Three Leadership Lessons From Tony Dungy

This week marks the fifteenth anniversary of Quiet Strength, Tony Dungy’s memoir. It was the first book I’d ever written, and the primary reason I hounded him for three years to write it was because I’d seen his leadership up close during a season with the Tampa Bay Buccaneers. I’d hoped it might help some people along the way, but it surpassed my wildest expectations, selling over a million copies in its first year and launching my writing and speaking career – leading to another seven books with Tony as well as others.

In honor of that anniversary, here are three leadership lessons I gleaned from watching Tony on a daily basis.

  1. Be Yourself.

He’s intelligent, deliberative and soft-spoken. As he was promoted into roles that carried greater formal leadership (positions of “authority”), he stayed true to his personality. He never tried to become an authoritarian or screamer, which some expected him to be. On the flip side, if your personality is more direct and boisterous, that’s okay, too. No need to become like Tony. Your leadership style should reflect, well, you.

  1. Prioritize Yourself.

Leading up to the writing of Quiet Strength, I’d watched friends at other NFL teams or law school classmates in law firms get consumed by the expectations of their environment. Tony never did that, and fully recognizes that “life is what happens when you’re making other plans.” He couldn’t make up time with his family later, because “later” might never come. He couldn’t treat people badly along the way, because his legacy was being created at every step, relationships built or destroyed. He couldn’t let the ends justify the means, because who we are is defined along the way, not by our wins or policy decisions.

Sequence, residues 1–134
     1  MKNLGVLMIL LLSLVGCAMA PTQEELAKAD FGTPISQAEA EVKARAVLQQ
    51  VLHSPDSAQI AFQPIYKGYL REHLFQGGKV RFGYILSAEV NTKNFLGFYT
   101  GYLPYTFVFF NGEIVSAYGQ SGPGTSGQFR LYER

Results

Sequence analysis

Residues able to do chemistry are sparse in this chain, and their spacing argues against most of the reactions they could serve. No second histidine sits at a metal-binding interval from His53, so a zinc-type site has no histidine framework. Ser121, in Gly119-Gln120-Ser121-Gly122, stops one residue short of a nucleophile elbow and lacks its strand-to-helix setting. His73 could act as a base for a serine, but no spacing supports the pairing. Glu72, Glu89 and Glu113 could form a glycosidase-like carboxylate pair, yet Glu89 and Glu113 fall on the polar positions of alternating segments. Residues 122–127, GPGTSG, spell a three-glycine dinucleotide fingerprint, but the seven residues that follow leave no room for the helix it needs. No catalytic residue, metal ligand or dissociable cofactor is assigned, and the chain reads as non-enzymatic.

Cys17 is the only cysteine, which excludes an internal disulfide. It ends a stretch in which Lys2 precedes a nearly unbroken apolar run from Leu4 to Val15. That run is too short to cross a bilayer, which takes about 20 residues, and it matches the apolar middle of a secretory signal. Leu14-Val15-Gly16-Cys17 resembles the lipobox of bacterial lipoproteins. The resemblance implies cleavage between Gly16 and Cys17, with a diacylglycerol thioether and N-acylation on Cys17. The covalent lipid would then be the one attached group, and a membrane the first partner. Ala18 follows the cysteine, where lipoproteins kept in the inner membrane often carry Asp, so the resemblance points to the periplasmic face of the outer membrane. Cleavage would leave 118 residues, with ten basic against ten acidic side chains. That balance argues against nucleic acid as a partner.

1. Replicate Yourself.

Tony was never concerned with who got credit. He’s not only humble, but would actually prefer that others get put in positions that will help them grow in their leadership capabilities, even if it was to his “detriment.” He delegated authority (occasionally leading to more work on his part by having to oversee things he could’ve handled quickly on his own), seeking to empower others into the ability to take on greater leadership roles. He believes, as do I, that if the organization crumbles when the leader departs, then that leader probably didn’t do enough to mentor other leaders to create a sustainable system. If we care about others—and the organization—then we should strive for our eventual absence to not cause a hiccup in the operation.

It’s not about us.

These things aren’t easy, but they are simple:

  • Stay true to your personality.
  • Continually build your character.
  • Develop others.

If you do nothing else, those three will take you a long way.

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July 14, 2022 at 11:43 am
Brian Raison

I just added this to the reading list of my upcoming ACEL8420 graduate course on Leadership. Thank you Nathan!

July 14, 2022 at 11:03 pm
Nathan Whitaker

Excellent, Brian! Thanks for sharing!


Here at Lead Read Today, we endeavor to take an objective (rational, scientific) approach to analyzing leaders and leadership. All opinion pieces will be reviewed for appropriateness, and the opinions shared are solely of the author and not representative of The Ohio State University or any of its affiliates.